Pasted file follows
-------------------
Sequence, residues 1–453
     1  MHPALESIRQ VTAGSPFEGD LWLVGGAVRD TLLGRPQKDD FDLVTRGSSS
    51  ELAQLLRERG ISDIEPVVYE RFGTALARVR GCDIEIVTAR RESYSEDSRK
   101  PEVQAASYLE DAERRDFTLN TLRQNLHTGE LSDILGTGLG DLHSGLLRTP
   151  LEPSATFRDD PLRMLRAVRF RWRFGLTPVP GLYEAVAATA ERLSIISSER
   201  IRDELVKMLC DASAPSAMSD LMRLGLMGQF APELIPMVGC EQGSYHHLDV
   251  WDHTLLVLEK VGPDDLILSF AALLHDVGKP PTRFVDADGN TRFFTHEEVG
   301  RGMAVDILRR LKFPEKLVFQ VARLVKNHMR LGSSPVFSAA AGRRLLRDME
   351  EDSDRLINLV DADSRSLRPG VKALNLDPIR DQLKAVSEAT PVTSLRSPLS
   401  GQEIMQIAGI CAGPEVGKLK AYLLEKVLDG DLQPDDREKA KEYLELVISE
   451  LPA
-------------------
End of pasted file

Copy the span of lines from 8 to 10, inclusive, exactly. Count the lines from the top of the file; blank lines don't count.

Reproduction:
   301  RGMAVDILRR LKFPEKLVFQ VARLVKNHMR LGSSPVFSAA AGRRLLRDME
   351  EDSDRLINLV DADSRSLRPG VKALNLDPIR DQLKAVSEAT PVTSLRSPLS
   401  GQEIMQIAGI CAGPEVGKLK AYLLEKVLDG DLQPDDREKA KEYLELVISE